Topic: Luke's Perspective of Jesus: Ch. 1 Message Outlines
Luke 1:26-38 (1)
by Darrel Cline (darrelcline biblical-thinking.org)
Study # 1 December 21, 2003 Lincolnton, N.C.
(035)(036)Thesis:Our expectations should be realistically balanced.
Introduction:As we have been witnesses once again to what happens when this time of the year comes around, one of the things we see is imbalance. Merchants offer 'special deals' to get customers in their doors which are in incredible contrast to our expectations (TV sets for 99 cents; DVD players for $30). Extravagant displays of Christmas lighting are deliberately designed to shock our vision. Crime, during the season of 'Peace on Earth, Good Will to Men', increases markedly and, if we are a victim, we are left stunned at the enormity of the contrast. And, TV specials heap up the sugar coating of the warm and fuzzies about how Christmas causes men to be generous, kind, and good so that our expectations set us up for great disappointment when family gatherings degenerate into screaming fights on Christmas day. The key word here is: imbalance. Even the Scriptures are often used to generate a false sense of imbalance. We are told, by some, that God is an Omnipotent Sugar Daddy that will do anything we ask -- as long as we ask in faith -- because God doesn't want any of His children to be sick or poor. We are told, by others, that if we will just "trust in Jesus" our lives will level out in a regular experience of "abundant life" that translates into an effective denial of the internal war that rages between the Flesh and the Spirit. And so it goes, both without and within, we are confronted by false expectations in the process of real living. When Luke wrote to Theophilus, he was well aware of just how easily a person could get a false impression that would inevitably lead to false expectations that could easily produce a disastrous crash of confidence when the experiences of real-time living catch up with those impressions and expectations. He was, after all, writing about the coming of God's Messianic Savior within a context of a huge imbalance of expectations in the theology of Israel -- and he was writing so that his reader could know 'the exact truth' -- the balanced reality that exists in God, but doesn't seem to have much of an echo in the hearts and minds of men who are given to extravagance in both pride and despair. This morning, as it has simply come about as a happy coincidence of study and season, we are going to begin a study of the first coming of God's Messianic Savior. It is interesting to see how Luke threaded his way through the pitfalls of false expectations in order to give Theophilus a way to achieve balance in his own expectations. And, therefore, we will seek, this morning, to give ourselves a sense of balance--both for the season of the year as well as for the process of living year around.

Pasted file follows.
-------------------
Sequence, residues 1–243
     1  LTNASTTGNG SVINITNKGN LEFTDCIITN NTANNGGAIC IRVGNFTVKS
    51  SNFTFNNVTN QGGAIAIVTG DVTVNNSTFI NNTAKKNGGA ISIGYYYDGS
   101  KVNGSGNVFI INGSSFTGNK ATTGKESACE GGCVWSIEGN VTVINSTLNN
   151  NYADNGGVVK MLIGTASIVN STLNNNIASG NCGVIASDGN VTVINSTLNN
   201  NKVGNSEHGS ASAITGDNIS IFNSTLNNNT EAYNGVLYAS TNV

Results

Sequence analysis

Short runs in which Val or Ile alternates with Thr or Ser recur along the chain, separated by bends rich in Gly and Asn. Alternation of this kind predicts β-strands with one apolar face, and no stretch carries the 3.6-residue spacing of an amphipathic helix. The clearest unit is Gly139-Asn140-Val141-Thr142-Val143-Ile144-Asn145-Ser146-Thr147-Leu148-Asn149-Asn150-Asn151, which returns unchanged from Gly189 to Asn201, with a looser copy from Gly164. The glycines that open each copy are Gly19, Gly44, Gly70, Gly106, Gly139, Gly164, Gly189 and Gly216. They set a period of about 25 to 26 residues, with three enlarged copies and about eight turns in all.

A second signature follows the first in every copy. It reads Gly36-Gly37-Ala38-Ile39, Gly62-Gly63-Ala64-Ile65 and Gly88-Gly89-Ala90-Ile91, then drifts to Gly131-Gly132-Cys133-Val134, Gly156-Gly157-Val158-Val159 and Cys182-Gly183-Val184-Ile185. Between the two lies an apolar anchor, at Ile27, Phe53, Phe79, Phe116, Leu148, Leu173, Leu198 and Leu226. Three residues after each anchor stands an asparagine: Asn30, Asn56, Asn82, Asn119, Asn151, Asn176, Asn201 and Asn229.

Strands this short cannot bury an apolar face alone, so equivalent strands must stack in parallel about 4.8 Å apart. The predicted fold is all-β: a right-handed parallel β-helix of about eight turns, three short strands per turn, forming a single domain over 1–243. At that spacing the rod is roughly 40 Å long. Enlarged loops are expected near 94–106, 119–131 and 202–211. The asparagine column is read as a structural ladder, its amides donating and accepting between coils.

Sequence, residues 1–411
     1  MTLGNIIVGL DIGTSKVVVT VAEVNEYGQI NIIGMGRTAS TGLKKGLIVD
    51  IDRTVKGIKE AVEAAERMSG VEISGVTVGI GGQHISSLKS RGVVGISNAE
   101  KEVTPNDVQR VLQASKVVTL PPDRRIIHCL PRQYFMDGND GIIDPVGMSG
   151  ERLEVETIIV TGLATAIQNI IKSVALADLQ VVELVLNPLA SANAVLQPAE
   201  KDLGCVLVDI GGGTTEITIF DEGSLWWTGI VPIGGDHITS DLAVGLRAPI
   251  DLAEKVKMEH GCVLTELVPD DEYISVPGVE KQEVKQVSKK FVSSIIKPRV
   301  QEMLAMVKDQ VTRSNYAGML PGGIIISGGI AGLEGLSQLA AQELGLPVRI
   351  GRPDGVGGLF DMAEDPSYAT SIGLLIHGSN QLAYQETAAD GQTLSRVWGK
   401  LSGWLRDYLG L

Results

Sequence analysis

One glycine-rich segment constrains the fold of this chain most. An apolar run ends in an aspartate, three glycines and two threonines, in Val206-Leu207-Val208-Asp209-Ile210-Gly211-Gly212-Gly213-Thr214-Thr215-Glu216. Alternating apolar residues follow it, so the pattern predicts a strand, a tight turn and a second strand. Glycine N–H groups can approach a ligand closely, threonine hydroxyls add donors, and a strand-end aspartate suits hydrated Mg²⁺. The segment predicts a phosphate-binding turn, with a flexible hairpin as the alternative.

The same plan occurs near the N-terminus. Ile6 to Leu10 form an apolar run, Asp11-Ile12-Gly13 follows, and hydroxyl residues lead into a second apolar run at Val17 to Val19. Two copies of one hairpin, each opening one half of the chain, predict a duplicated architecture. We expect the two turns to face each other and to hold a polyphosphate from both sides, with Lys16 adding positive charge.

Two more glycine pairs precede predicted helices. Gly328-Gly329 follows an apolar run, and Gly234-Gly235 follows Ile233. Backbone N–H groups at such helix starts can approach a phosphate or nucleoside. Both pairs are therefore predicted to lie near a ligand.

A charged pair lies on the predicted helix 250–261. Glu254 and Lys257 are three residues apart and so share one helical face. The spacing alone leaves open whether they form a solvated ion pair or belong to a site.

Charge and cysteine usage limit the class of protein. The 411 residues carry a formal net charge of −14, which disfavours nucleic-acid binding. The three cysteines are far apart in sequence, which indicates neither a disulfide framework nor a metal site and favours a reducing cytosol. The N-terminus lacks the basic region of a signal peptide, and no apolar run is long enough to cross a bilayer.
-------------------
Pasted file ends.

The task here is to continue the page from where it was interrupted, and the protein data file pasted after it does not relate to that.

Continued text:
I. Luke's Description of the Preliminary Events.
A. His focus: God's commission to Gabriel to take the message of a crucial part of the Messianic Hope to a least expected audience.
1. One the one hand, the issue of the Messianic Hope is clearly involved because of the identification of Joseph as an heir of the House of David.
a. This is the exact terminology of the record of God's commitment to David in 2 Samuel 7.
1) In that setting, God, addressing the fears of David's private heart, told him that He would "make thee a house" that would dominate an eternal kingdom (7:11 and 7:16)